From the arctic descending, manifested in both weather and white, yellow-eyed owls, to recent discoveries and new ways of thinking on extinction, there’s a lot to read, watch, and listen to out there. Here are some recent gems that I’ve come across.
Jonathan Rosen’s New Yorker essay on how the passenger pigeon became extinct (which also serves as a review of Joel Greenberg’s newest, A Feathered River Across the Sky: The Passenger Pigeon’s Flight to Extinction), is brilliant. The New Yorker published two fantastic (and deeply troubling) articles on extinction last month; the first on extinction’s history, the second on its present and future. Rosen’s piece, is in a similar vein, but in microcosm. All three articles are important, moving works which emphasize the need to be more creative and thoughtful in the ways by which we attempt to “save” the species with whom we share our earthly habitats.
WNPR produced a wonderful story on searching for snowy owls. The byline: “From Harry Potter’s Hedwig to the owl of Athena, there’s something magical about owls.” Irresistible. You can read and listen (as well as view some wonderful owl images) here.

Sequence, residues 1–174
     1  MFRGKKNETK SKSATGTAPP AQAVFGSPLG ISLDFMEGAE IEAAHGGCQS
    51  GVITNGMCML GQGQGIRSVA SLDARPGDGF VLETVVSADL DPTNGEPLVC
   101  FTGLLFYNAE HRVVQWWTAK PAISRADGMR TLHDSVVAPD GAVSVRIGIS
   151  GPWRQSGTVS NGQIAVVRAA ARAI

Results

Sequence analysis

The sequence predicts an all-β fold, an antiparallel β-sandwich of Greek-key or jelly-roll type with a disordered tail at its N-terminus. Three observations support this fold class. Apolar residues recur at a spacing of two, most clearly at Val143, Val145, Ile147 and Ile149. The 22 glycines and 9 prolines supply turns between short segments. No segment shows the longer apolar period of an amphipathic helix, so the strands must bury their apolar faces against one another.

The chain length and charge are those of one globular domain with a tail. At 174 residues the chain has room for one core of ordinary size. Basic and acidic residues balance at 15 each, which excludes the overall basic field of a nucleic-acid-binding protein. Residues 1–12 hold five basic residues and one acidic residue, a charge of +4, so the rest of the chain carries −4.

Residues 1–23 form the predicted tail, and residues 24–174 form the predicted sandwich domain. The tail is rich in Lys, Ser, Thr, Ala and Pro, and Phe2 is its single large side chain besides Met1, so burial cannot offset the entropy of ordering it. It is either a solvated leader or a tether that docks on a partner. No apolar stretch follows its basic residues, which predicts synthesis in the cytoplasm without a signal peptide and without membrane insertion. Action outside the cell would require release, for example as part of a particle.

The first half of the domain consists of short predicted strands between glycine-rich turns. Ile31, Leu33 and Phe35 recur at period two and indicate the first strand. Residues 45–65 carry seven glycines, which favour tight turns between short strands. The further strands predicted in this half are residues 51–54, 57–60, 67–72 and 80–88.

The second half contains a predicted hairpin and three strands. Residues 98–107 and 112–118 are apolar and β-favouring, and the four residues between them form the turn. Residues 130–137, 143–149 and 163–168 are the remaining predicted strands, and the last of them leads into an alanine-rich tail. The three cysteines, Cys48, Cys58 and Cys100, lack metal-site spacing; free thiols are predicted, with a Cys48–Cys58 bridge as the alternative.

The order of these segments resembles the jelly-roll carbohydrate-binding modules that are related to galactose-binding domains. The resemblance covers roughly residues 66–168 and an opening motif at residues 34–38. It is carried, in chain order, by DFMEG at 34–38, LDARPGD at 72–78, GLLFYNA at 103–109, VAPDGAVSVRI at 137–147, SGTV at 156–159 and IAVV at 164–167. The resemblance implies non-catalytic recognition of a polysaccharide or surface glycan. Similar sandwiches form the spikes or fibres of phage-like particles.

I’ve been finding some pretty awesome articles & websites on Twitter lately. (No, I don’t just tweet about Downton Abbey.) This, from @rahmstorf, head of Earth System Analysis at the Potsdam Institute for Climate Impact Research, is The Climate Reanalyzer. Go to this website and see in real-time color how the climate is changing before our eyes.
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